Personalization: Separating the Hype from Reality
“Personalization” is the most frequently mentioned buzzword in industry articles, vendor marketing, client meetings, RFPs and at conferences. Yet very few people are actually doing it and even fewer understand what it really entails. Personalization is often spoken about in generalities, as if it’s a basic requirement. This mindset is symptomatic of the hype that surrounds the notion of dynamic personalization. The reality is that full-on personalization is complex and time consuming. It’s not a point-in-time implementation. It’s not a feature that you “turn on”.
The Hype Around Personalized Experiences
First, let’s first look at where the hype is coming from:
- Providers are selling the dream. I challenge you to find any marketing technology product or service company that isn’t banging the drum of personalized or predictive experiences. Everything is about context and engagement, coupled with descriptors like speed, agility and automation. It’s buzzword bingo and customers are buying it. Who doesn’t want a magical solution that reads the minds of your customers and reacts to their wants and needs at every turn?
- Everything and everyone is digital. Millennials live on their phones. Babies are using iPads. Software is eating the world. Big data has arrived. The “Internet of Things” is coming to your refrigerator and washing machine. With all the advancements in technology there’s a pervasive assumption that the technology can do anything we can imagine. It stands to reason that people assume that there is a piece of software that will handle personalization.
- Amazon and Netflix. These two case studies have been run ragged as anecdotal examples of algorithmic personalization. How many companies out there have mega-million dollar budgets with teams of engineers and statisticians running experiments on details like the color or shape of a button? How many companies are selling consumer-specific products at towering scale? These case studies are not relevant for most businesses. While they’re fascinating stories, they’re not realistic models to follow for the typical company or marketer.
I could rattle off a dozen more examples of personalization hype, but the point is that it’s easy for someone to get the impression that “everyone else is doing it, so I should too.” Conformity is a powerful force in business. It can also lead you off a cliff if you don’t understand the path you’re following.
The Reality of Implementing Personalization
A better look at the gap between personalization hype and reality is demonstrated by the data gathered from the "Realities of Online Personalization" study from Econsultancy.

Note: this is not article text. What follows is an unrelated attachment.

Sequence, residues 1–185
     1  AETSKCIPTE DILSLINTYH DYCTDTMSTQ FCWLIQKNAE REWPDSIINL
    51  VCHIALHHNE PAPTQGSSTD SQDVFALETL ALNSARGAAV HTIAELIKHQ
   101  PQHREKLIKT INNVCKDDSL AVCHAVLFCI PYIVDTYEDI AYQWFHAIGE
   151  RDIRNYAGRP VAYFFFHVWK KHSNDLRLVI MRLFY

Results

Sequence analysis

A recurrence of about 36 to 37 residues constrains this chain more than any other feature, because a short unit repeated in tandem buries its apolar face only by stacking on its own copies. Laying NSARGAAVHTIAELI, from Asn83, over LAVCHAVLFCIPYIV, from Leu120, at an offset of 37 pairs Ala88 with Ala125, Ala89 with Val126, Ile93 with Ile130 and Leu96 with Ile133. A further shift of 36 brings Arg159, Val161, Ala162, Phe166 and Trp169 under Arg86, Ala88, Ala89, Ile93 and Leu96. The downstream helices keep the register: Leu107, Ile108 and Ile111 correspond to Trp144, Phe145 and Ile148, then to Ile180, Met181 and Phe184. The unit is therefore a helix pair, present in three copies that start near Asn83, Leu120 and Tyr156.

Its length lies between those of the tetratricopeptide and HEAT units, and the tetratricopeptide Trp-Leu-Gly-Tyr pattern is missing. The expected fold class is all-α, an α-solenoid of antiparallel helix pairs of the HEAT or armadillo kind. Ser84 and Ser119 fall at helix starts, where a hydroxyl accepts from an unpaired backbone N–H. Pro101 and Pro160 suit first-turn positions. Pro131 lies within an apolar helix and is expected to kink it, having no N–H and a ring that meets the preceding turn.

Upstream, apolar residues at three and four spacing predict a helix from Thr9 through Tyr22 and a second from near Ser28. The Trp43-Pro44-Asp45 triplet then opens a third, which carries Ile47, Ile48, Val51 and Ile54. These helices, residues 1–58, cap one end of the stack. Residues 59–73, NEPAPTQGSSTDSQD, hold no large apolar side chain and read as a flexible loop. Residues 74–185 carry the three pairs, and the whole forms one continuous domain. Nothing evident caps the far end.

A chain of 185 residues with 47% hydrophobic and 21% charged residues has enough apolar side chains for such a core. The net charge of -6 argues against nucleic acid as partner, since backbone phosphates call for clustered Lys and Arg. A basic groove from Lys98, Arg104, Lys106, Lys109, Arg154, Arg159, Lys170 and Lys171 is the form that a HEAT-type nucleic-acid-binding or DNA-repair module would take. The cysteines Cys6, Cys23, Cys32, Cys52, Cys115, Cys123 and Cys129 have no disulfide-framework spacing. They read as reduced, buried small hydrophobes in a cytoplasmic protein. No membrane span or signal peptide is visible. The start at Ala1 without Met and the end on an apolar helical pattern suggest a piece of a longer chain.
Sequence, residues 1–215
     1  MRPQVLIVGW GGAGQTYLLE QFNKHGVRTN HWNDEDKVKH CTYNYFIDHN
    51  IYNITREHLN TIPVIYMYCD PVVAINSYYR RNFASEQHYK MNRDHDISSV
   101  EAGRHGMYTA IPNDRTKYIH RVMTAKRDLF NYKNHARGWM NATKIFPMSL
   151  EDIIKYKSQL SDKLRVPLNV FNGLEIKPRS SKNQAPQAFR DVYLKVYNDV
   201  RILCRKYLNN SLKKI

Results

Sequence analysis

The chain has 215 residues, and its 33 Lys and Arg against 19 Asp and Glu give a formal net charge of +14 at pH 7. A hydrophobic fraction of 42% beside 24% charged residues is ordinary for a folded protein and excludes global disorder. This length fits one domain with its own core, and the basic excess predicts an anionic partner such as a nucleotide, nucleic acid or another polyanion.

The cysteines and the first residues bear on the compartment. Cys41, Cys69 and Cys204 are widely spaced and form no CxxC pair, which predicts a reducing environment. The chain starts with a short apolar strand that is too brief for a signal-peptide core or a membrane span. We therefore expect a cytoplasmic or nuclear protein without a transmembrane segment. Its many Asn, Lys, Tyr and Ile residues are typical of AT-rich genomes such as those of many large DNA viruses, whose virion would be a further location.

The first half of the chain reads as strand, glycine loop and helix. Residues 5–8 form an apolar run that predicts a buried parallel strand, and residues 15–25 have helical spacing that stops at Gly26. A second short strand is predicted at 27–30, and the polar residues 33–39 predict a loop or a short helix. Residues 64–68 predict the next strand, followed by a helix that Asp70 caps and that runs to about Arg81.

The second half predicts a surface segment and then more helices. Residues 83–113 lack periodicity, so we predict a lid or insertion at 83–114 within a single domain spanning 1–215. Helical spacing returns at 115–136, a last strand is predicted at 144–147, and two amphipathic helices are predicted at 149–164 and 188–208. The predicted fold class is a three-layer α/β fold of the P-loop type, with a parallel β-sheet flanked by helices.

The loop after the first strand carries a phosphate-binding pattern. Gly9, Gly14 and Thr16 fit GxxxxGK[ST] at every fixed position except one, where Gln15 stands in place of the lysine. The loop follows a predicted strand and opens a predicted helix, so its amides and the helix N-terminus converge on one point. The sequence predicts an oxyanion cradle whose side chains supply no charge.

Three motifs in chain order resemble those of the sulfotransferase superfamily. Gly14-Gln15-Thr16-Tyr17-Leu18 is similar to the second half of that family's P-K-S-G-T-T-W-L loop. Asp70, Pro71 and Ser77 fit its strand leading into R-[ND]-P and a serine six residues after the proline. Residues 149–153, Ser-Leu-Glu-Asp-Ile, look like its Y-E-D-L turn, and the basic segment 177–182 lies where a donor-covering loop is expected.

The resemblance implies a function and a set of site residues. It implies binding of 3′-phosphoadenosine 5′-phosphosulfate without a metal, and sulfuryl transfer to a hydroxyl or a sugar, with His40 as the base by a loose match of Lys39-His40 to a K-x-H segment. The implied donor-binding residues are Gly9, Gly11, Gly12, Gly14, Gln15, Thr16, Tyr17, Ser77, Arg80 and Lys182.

If you feel like you’re behind the curve with personalization, this should make you feel better: Automated personalization is not being employed by the bulk of businesses, big or small.
Just because “94% of marketers agree that personalization is critical to current and future success,” it doesn’t make it so. It just means that they’re believing the hype (or they’ve been going to the same conferences I have).
The hype isn’t total b.s. Personalization is a viable and critical component to success for many digital marketers and it will continue to proliferate over time. But it’s just a facilitation tool like any other. All the hype is telling us is that the demand is there. Reality is telling us that not many know how to fulfill it. Only 4% of companies report that their customer experiences are “very personalized”.
By now you probably think this article makes the current state of personalization sound pretty grim. If not, let me seal the deal:
- 94% of companies say that personalization is critical to success.
- 72% of companies understand the importance of personalization, but they don’t know how to do it.
- Only 15% of companies state that they’re “definitely getting good ROI from personalization.”
- 41% report that “personalization hasn’t yielded dividends.”
- In another survey by Adobe, a majority of companies surveyed spend 5% or less of their marketing budget on these activities.
So even among the companies that claim to be actually doing personalization (which is only about 4%), a good chunk of them (41%) can’t attribute good ROI to it? So much for the hype.
Check out the reasons (in this next graph) that companies believe they haven’t been able to realize the dream, cited as perceived barriers to personalization.
IT roadblocks and legacy technology are the top two barriers reported. While these are the perceptions, they likely aren’t the real barriers. There are thousands of businesses with capable technologies at their fingertips and only a small fraction of them are personalizing experiences for their users/customers.
The Real Barriers
The real barriers to personalization stem from the hype. It causes many to think about personalization the wrong way, putting it further out of reach. People and companies are usually turned on to personalization via a product demo, or a case study about a company who has achieved success with it. It’s shown in all its glory as polished functionality that has been planned, architected, implemented and optimized. A product company selling technology that has personalization capabilities probably isn’t going to talk about the months/years of effort and cost that goes into achieving it. On introduction it’s viewed as a technology feature, instead of what it really is: a never-ending journey.
"The real barriers to personalization stem from the hype. It causes many to think about personalization the wrong way, putting it further out of reach."
Let’s put technology and budgets aside for moment and assume those are not the real barriers. So what then?
The biggest challenge facing most organizations is that they don’t have a starting point. You can’t just dive into things like algorithmic rules and optimized content. In fact, you shouldn’t even start out thinking about automated personalization. You should start by optimizing the traditional techniques and maximizing those first. Start with the basics, which I’ll highlight below.